People are likely exposed to thousands of airborne microplastics a year indoors, a Griffith-led study has found.
Published in Environmental Science & Technology, the study investigated the abundance, distribution, form, and possible sources of microplastics (MPs) in indoor and outdoor sites in Sri Lanka, finding concentrations between 1 and 28 times higher indoors.
With people spending approximately 90% of their time indoors and based on the indoor and outdoor MPs levels identified in this study, the researchers calculated the average human exposure as 2675 airborne microplastic particles per person every year.
“While the inhalation of MPs is suggested to be an important pathway of human exposure to plastics, there is very little data on their concentration in the air,” said Ms Kushani Perera, a PhD candidate from the Australian Rivers Institute.
“Most of the limited research on airborne MPs (AMPs) comes from high income countries with good waste management practices, with only a handful of studies in lower-middle-income countries.
“The few available studies on AMPs have generally collected the airborne plastics using a passive sampling technique, where they are deposited out of the atmosphere in wet or dry conditions. This method, it can be argued, is not particularly relevant for evaluating MP exposure via inhalation.”
For this reason, the researchers used an active sampling technique which pumped a known volume of air through a filter and evaluated the accumulated MPs. Active sampling is a more relevant method to identify the human exposure to ambient air-borne microplastic levels.
“To the best of our knowledge, no previous study has been conducted in South Asia to identify and quantify AMPs using an active sampling method” said co-author Professor Frederic Leusch who leads the ARI Toxicology Research Program (ARITOX) at the Australian Rivers Institute.
Researchers collected air samples in different urban, rural, coastal, inland, industrial, and natural habitats with varying population densities.
The indoor MPs levels, made up of fibres and the occasional fragments mostly from textiles and clothing, were significantly higher than outdoor levels by a factor of 1 — 28 times, regardless of the type of outdoor environment. Transparent, blue, and black fibers in the size range of 0.10 to 0.50 millimetres were the dominant AMPs across all sites.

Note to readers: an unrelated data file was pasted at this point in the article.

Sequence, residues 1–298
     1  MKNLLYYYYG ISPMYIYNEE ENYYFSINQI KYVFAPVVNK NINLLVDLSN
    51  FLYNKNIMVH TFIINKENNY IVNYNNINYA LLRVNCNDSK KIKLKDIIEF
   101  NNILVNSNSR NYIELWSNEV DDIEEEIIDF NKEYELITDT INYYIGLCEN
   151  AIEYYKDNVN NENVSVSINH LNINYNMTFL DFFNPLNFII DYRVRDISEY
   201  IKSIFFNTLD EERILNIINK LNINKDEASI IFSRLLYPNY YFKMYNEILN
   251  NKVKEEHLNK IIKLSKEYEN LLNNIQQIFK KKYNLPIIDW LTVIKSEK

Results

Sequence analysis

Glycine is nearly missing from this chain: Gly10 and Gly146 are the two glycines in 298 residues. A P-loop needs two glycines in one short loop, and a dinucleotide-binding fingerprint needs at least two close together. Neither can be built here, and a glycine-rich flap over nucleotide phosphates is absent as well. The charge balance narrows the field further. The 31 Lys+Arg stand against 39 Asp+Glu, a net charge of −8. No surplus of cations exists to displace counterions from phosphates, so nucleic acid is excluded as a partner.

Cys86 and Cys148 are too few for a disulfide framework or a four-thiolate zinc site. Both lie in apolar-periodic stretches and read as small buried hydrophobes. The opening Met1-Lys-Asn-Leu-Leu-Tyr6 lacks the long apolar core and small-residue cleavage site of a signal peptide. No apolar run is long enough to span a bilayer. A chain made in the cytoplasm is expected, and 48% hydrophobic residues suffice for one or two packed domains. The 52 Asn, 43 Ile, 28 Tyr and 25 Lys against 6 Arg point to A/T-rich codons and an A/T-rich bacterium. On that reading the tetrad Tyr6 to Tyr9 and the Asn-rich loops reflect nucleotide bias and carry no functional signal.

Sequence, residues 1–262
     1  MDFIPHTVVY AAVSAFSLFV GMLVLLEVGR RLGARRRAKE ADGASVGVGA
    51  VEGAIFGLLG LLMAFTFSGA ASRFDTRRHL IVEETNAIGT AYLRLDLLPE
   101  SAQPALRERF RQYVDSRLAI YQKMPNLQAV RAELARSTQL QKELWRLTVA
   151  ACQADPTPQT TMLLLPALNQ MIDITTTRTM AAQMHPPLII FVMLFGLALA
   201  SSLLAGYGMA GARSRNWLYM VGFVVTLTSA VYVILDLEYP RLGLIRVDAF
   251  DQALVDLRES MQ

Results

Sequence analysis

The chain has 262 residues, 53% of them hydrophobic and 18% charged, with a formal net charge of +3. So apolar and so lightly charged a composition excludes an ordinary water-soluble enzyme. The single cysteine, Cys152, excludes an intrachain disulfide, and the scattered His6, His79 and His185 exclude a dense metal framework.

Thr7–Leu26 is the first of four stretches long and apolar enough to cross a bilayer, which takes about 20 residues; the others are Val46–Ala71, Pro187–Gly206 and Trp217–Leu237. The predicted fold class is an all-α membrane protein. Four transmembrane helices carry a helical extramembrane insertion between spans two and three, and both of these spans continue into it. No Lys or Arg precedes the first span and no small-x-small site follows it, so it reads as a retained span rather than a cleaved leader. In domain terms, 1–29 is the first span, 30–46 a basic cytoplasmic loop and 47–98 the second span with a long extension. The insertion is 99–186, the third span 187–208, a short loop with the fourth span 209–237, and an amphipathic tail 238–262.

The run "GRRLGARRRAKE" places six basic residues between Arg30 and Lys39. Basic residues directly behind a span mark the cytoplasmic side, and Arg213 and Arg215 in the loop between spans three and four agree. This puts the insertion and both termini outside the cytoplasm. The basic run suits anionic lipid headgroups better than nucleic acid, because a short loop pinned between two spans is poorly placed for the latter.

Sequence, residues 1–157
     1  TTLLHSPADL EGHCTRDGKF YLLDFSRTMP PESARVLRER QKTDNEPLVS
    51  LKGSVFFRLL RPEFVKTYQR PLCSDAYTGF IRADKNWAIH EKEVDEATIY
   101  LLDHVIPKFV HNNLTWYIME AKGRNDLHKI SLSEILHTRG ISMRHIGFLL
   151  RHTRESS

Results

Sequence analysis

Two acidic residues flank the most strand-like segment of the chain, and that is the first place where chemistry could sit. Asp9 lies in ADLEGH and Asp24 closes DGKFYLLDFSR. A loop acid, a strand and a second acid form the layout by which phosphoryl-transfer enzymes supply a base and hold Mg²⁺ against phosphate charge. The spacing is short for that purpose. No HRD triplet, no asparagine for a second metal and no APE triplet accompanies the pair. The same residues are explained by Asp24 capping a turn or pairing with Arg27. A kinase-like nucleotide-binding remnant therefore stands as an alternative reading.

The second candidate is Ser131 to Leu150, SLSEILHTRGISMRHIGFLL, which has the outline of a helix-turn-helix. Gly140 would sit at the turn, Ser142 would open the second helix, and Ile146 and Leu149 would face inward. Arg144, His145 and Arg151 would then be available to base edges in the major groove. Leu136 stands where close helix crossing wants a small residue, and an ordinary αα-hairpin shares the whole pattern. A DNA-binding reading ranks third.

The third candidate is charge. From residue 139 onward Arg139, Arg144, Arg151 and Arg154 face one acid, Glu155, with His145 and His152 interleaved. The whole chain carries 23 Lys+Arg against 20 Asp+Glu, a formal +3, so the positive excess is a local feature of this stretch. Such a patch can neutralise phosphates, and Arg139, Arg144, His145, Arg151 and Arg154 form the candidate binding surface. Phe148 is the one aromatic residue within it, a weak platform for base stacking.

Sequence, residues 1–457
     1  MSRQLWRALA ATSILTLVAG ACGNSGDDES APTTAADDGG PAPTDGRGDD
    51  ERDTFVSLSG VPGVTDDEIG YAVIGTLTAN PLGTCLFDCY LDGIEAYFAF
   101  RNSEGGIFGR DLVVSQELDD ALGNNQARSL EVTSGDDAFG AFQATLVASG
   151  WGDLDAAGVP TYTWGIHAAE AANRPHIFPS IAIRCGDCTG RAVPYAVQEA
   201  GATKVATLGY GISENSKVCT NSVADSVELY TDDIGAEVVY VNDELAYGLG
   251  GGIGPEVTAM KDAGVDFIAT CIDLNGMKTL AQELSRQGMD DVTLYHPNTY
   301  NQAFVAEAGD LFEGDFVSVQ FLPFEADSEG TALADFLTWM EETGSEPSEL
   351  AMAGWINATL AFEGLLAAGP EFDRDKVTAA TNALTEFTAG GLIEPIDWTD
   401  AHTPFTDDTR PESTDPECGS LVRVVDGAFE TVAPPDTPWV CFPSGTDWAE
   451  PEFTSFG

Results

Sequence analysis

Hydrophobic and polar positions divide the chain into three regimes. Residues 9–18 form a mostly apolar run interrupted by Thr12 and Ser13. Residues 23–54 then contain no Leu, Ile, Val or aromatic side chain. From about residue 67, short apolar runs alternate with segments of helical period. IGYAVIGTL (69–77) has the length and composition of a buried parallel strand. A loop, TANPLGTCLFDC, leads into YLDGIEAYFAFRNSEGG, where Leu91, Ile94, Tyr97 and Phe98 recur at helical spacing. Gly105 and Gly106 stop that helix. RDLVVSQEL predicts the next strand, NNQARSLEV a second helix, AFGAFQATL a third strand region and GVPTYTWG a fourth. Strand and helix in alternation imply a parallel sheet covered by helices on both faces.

“These initial results from Sri Lanka, show that the amount of indoor airborne microplastics is more related to indoor sources and the occupants’ lifestyle than the outdoor environment,” said Professor Leusch.
“In the outdoor samples, the amount of AMPs was always greater in high-density sites compared to the low-density areas, suggesting the abundance and distribution of AMPs was related to population density, level of industrialization, and human activity.”
The dominant type of microplastics in both indoor and outdoor sites was PET fibres (polyethylene terephthalate), primarily originating from clothing and textiles.
“This study is an important first step that shows the abundance of AMPs in a lower-middle income country in South Asia,” said Ms. Perera.
“More research needs to be done in this region as it accounts for nearly a quarter of the world’s population and is the second largest contributor to global plastic waste.”
“To date, very limited monitoring and mitigation measures for AMPs have been implemented, not only in South Asia but around the world. Long-term monitoring of AMPs is needed worldwide to create a database on their abundance and distribution, and to accurately assess human exposure via inhalation and the potential health risks.”